Mashups is a pretty broad term. A good definition for a mashup tool is a
solution that allows developers to combine interesting data and then
visualize that data through a web application
Usually, mashups are web applications that can be created quickly using
standard web services (e.g., REST) and components (e.g., Widgets).
There are three kinds of Mashup tools: front end, back end and integrated.
The differences are:
Front end mashup tools: these tools help build web front ends like dashboards
using widgets/gadgets and little to no programming (iGoogle, PageFlakes) Back
end mashup tools: these tools combine web-accessible data and services into
more useful web services that can be called easily using a REST-ful interface
(Kapow, Yahoo pipes) Integrated mashup tools: these tools make it easy to
build end-to-end web applications that link web widgets to data and servic... (more)
Chris Keene's "Keene View" Blog
For cloud computing to take off, there need to be tools available that enable
a developer to build and deploy an application without having to download
anything to their desktop. This requires an on-demand development tool that
sits on top of the cloud and provides a development Platform as a Service
There are two paths that a vendor can take to create a development platform
for cloud computing: cloud-first or tool-first.
Cloud-first approach to PaaS: first build a cloud platform, then build a
development tool that runs on top of it. This is... (more)
Chris Keene's "Keene View" Blog
Ben Worthen of the Wall Street Journal recently posted an entry about Web 2.0
adoption. He cited a Forrester survey that concluded Enterprise Web 2.0
solutions would gain broad adoption in 2008 despite clear CIO resistance to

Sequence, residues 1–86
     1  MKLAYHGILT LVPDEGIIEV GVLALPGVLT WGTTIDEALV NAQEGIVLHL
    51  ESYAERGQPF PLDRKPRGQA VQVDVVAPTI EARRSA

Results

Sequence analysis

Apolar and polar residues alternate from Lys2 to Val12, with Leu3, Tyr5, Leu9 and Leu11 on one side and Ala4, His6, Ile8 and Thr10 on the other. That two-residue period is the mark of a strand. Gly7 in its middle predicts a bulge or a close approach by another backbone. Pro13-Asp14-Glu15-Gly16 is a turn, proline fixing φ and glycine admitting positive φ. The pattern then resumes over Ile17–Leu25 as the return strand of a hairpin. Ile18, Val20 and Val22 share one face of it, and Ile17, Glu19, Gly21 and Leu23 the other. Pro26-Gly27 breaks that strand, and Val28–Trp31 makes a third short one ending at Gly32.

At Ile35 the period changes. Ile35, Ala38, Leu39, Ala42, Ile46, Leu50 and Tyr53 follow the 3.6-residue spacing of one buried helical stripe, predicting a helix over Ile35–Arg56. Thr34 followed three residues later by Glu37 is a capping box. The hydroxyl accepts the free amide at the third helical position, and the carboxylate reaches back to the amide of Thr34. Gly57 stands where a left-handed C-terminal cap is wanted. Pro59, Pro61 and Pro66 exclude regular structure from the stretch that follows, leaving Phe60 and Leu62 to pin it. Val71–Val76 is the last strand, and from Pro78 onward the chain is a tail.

the siren call of blogs and wikis.
As a strong proponent of Web 2.0 in the enterprise, we at WaveMaker want very
much to see a rapid adoption of these technologies at the corporate level. On
the other hand, wishing won't make it so - the grab-bag of technologies and
ideas that constitute Web 2.0 are bound to confuse the IT commu... (more)
Of the many sins that Silicon Valley practices, none are more dangerous or
prevalent than the sin of smugness. Savio Rodrigues had a good posting
recently making the point that Microsoft is learning from and adapting to the
open-source movement, while the open-source movement is so enamored with
"free" that they are not paying enough attention to the total cost of
ownership from a customer's perspective.
Let's be clear - the free part of open source is a great innovation and
worthy of a few minutes of self-satisfaction. The aftermath of the Y2K bubble
was the erection of enormous... (more)
Chris Keene's Blog
Larry Augustin recently wrote about the differences between how Europe and
the US view the open source software market. His comments came after
attending the Olliance Think Tank conference in Paris this week (tough
He identified a number of differences between how Europe and the US view open
source. For example, he gives the primary European reason for adoption open
source as wanting to avoid vendor lock-in, while the primary reason for
adopting open source in the US is cost.
While recognizing the differences, I think that the open source bus... (more)